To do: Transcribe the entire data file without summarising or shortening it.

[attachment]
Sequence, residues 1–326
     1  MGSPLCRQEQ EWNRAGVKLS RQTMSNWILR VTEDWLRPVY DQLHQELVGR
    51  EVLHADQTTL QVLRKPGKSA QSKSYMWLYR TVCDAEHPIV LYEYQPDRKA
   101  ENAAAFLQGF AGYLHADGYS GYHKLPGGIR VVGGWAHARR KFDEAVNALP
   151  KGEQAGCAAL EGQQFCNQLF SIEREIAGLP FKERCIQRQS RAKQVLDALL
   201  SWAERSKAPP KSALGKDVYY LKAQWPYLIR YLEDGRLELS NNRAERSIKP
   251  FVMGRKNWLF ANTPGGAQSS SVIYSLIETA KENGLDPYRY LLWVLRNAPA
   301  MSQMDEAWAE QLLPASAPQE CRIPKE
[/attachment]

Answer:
Sequence, residues 1–326
     1  MGSPLCRQEQ EWNRAGVKLS RQTMSNWILR VTEDWLRPVY DQLHQELVGR
    51  EVLHADQTTL QVLRKPGKSA QSKSYMWLYR TVCDAEHPIV LYEYQPDRKA
   101  ENAAAFLQGF AGYLHADGYS GYHKLPGGIR VVGGWAHARR KFDEAVNALP
   151  KGEQAGCAAL EGQQFCNQLF SIEREIAGLP FKERCIQRQS RAKQVLDALL
   201  SWAERSKAPP KSALGKDVYY LKAQWPYLIR YLEDGRLELS NNRAERSIKP
   251  FVMGRKNWLF ANTPGGAQSS SVIYSLIETA KENGLDPYRY LLWVLRNAPA
   301  MSQMDEAWAE QLLPASAPQE CRIPKE